Permalink MarkTAW 
August 26th, 2005
You're probably right - the voice of it was a Brit so I just presumed, but now that I think about it everything else seemed American.
Permalink Dennis Forbes 
August 26th, 2005
Out of all of the crap about Richard Feynman I've read, how in the world did I miss the book that was supposed to have been his first calculus book?

Argh. I wish I had this book 10 years ago in high school.

Ordered from half.com for $1.29.
Permalink Michael B 
August 27th, 2005
Physics, Aaron? How about to model a savings account?

Lets say I have 1000/year to invest into a savings account that earns 5% return for 10 years. I get as far as:

Let i = interest rate (1.05)
Let x = yearly investment (1000)

p = (((((((((x*i+x)*i+x)*i+x)*i+x)*i+x)*i+x)*i+x)*i+x)*i+x)

There's got to be a way of representing this as a constant time equation. I just have no idea how to do it.

Unless I'm completely off my rocker, I need to figure out the instantaneous rate of change for one year and simply multiply by number of years.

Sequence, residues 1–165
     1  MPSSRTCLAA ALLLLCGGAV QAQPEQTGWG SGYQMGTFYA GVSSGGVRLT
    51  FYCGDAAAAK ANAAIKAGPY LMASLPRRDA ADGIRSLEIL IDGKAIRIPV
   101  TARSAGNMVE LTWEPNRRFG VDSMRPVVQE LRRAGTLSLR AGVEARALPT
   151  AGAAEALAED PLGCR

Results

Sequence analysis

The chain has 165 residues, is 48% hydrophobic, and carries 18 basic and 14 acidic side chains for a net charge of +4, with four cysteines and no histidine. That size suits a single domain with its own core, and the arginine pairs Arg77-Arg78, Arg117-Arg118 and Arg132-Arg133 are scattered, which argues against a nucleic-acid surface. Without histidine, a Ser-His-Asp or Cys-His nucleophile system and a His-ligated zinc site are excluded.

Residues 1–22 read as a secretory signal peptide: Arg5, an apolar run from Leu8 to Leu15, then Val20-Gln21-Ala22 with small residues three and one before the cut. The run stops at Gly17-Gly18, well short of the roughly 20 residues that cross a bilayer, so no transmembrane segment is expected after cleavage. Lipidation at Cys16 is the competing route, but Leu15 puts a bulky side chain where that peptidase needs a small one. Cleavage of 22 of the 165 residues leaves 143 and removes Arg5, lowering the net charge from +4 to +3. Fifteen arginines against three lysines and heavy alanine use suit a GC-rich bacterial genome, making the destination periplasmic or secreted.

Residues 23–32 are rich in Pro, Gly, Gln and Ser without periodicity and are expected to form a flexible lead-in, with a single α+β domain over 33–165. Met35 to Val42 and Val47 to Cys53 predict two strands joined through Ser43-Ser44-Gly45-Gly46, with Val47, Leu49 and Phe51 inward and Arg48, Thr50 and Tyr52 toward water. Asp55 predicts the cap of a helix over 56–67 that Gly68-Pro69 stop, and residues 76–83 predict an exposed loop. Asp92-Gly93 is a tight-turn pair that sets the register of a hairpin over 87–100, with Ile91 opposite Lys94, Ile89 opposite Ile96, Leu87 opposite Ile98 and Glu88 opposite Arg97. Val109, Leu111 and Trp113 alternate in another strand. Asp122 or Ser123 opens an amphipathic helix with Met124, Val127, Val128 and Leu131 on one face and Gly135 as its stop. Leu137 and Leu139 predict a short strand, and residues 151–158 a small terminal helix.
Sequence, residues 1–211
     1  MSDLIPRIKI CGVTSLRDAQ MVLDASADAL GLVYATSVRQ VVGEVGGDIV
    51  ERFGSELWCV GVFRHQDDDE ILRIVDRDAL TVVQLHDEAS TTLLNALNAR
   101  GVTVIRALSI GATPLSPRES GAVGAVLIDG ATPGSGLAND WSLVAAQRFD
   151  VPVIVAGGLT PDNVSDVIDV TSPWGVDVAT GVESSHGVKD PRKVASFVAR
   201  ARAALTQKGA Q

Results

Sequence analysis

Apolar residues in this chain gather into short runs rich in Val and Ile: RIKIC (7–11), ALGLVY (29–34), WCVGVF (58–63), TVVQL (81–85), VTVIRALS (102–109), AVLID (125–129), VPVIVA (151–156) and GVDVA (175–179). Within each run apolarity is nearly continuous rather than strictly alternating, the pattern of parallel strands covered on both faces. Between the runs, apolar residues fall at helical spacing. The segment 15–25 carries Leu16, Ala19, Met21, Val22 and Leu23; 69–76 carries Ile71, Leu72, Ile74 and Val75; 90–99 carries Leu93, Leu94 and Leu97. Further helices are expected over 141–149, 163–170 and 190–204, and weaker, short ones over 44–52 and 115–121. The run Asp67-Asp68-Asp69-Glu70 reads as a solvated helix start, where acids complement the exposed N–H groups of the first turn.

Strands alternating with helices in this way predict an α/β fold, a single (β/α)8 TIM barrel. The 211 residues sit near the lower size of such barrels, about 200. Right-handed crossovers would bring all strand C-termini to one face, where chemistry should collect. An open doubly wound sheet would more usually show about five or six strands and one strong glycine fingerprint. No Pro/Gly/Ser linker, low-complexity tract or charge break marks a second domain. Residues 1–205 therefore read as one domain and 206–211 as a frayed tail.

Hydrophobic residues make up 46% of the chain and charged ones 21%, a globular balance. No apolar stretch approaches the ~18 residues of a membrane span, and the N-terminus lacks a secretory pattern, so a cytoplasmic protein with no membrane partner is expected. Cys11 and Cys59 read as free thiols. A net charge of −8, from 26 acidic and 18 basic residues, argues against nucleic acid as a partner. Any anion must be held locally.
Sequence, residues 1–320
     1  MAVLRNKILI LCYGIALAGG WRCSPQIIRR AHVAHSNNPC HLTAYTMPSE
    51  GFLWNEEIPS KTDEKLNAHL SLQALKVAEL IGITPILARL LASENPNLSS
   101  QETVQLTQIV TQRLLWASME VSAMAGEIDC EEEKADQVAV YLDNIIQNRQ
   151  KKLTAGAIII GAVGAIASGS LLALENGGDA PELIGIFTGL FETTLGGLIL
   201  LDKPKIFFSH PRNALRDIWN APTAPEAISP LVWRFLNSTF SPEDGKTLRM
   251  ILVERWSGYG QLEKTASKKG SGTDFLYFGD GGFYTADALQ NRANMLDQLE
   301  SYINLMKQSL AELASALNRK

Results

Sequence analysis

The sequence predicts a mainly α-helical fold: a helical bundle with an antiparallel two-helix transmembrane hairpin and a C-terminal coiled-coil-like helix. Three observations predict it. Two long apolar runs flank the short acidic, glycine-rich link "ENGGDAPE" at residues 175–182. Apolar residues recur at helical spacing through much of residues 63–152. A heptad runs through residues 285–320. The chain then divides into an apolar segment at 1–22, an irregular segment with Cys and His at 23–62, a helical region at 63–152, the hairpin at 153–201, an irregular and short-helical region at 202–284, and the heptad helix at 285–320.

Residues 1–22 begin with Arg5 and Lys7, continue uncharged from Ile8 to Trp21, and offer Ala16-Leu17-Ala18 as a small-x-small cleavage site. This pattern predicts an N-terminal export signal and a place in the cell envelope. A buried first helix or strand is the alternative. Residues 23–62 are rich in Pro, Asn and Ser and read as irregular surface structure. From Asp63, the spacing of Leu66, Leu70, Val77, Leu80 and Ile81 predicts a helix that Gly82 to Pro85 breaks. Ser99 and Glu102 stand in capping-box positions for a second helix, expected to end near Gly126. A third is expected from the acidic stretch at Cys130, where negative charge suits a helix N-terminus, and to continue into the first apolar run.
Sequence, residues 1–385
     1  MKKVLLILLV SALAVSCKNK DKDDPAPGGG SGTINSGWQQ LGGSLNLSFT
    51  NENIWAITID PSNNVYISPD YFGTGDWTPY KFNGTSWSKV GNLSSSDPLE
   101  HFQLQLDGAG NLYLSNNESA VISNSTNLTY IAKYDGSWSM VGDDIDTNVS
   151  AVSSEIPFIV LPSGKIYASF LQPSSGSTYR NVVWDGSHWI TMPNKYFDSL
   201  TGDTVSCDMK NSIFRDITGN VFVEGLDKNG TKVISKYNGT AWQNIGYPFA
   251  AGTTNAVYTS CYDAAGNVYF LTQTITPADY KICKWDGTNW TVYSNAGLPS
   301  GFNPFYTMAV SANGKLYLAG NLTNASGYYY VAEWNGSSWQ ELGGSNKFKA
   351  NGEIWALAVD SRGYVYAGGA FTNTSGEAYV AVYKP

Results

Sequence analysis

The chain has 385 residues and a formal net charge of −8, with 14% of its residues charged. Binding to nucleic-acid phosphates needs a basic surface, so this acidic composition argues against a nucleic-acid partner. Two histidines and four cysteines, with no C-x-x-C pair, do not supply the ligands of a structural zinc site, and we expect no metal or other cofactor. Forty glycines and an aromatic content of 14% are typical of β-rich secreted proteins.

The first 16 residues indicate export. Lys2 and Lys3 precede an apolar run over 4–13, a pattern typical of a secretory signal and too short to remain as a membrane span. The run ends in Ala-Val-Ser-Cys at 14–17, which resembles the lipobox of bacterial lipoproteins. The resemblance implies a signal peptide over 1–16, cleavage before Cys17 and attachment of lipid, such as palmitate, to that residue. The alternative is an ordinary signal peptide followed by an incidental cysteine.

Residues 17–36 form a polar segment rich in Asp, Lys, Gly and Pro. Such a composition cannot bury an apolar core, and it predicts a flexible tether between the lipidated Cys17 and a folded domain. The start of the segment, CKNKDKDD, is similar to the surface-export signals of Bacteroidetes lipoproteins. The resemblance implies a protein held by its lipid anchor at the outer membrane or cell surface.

Totally at a loss for how to get there.
Permalink Michael B 
August 27th, 2005
If new amounts are invested yearly and interest is compounded yearly, as you have written it, it is an algebraic problem of summing arithmetic and geometric series.

However, if interest were to be compounded continuously (or say, every day), then it would become a problem of calculus.

Calculus happens when the terms to be summed become negligibly small and huge in number compared to the whole.
Permalink Ian Boys 
August 27th, 2005
To expand on the series part of it:

In the first year you invest x, and interest is compounded over the next ten years, so the final growth of that initial x is

x * i^10

where i^10 is 1.05 to the power of 10.

The second year, you invest another x, and this grows to x * i^9.
The third year, x * i^8.